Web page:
About 39 percent of white Americans say it is at least sometimes acceptable to don blackface for a Halloween costume, while 37 percent believed it was never acceptable, according to a Pew Research Center survey conducted mostly before Northam’s admission and released on Monday. Only 18 percent of black Americans agreed it was at least sometimes acceptable, while 53 percent said it was never acceptable. (pewrsr.ch/2tgHl88)
Fairfax has said sexual encounters with both women were consensual.
Members of the legislature’s black caucus are also seeking an investigation that does not immediately involve impeachment.
“We don’t know how to do that yet,” Delegate Lamont Bagby, the caucus chairman, said in an interview.
Reporting by Gary Robertson, additional reporting by Jonathan Allen in New York; editing by Scott Malone, Steve Orlofsky and Jonathan Oatis
McCabe says ‘it’s possible’ Trump’s a Russian asset
McCabe has said in the past that the FBI had a good reason to open up a counterintelligence investigation into whether Trump was working with Russia and a possible national security threat.
The former official was on CNN’s “Anderson Cooper 360” when he was asked if he believes Trump may still be a Russian asset. He said he’s “anxious” to see the conclusion of special prosecutor Robert Mueller’s investigation.
He was also asked if he believes Trump is fit to serve and said it is not up to him to make the determination.
Gowdy challenges McCabe’s claim congressional leaders didn’t object to Russia counterintelligence probe
Former congressman and Fox News contributor Trey Gowdy disputed former acting FBI director Andrew McCabe’s claim Tuesday that congressional leaders didn’t object to the bureau’s counterintelligence investigation over President Trump’s Russia ties.
“The reason he’s doing it this way is that [Rep. Devin Nunes, R-Calif.] and [former House Speaker Paul Ryan, R-Wis.] are not allowed to discuss anything that’s said in a ‘Gang of Eight’ meeting and McCabe knows that,” Gowdy said on “The Story with Martha MacCallum.” “So he can level the accusation and Devin and Paul cannot refute him.” Nunes chaired the House Intelligence Committee from 2015-19.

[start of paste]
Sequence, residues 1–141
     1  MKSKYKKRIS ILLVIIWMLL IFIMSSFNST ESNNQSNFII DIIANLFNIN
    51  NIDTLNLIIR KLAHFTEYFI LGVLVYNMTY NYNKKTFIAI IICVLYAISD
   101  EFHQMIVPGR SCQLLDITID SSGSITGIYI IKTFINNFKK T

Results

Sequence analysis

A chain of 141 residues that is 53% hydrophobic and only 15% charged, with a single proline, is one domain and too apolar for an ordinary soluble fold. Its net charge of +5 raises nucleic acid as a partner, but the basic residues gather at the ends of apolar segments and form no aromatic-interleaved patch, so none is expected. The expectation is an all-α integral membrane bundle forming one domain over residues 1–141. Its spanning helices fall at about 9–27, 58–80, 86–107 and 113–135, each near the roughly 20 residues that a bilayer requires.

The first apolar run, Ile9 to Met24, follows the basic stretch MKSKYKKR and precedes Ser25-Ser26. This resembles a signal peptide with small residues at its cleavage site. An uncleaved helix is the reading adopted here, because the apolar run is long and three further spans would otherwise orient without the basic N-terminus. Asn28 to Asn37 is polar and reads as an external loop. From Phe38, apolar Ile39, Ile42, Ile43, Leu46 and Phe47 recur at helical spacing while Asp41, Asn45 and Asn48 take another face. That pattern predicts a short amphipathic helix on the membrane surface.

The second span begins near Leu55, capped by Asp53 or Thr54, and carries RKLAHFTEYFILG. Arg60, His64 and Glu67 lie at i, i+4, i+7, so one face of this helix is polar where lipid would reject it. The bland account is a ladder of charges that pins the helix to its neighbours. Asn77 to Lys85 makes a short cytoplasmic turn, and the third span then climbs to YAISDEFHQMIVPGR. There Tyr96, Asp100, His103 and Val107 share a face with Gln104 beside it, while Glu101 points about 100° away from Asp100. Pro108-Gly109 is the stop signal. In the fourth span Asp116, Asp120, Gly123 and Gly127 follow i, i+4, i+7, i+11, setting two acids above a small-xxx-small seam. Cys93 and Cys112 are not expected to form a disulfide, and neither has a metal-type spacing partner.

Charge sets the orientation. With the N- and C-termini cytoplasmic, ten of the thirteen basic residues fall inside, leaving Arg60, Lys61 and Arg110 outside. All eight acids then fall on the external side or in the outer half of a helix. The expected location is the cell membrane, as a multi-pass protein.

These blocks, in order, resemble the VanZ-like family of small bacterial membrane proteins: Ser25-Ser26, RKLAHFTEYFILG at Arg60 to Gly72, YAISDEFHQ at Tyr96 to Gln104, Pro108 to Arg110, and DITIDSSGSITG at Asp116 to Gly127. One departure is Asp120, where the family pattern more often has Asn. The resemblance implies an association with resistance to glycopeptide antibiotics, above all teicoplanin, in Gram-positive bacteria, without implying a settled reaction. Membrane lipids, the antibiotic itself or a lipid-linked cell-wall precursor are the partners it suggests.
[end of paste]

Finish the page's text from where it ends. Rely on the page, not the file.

McCabe, in an appearance on NBC’s “Today” show Tuesday morning, said no members of the “Gang of Eight,” a bipartisan group of House and Senate leaders, including Nunes and Ryan, objected to the investigation.
“I told Congress what we had done,” McCabe told Savannah Guthrie.
“Did anyone object?” Guthrie asked.
“That’s the important part here, Savannah,” McCabe replied. “No one objected. Not on legal grounds, not on constitutional grounds and not based on the facts.”
Gowdy, formerly a member of the House Judiciary Committee, said he believed McCabe wasn’t telling the truth and that Nunes and Ryan did not know about a second investigation.
“There were three investigations into a duly elected president. The Peter Strzok one from July of 2016 and then McCabe started a counterintelligence [probe] and if he’s telling the truth, started a criminal probe into the president of the United States,” Gowdy told Martha MacCallum.
“I listened to Devin and Paul quiz the [Justice Department] and the FBI for hours on multiple occasions about the one counterintelligence investigation, we all knew about it. I find it stunning that they would know about a second one and not say a single solitary word.”
Gowdy also addressed former FBI Director James Comey’s May 2017 firing and McCabe’s belief that the president was trying to shut down the Russia investigation.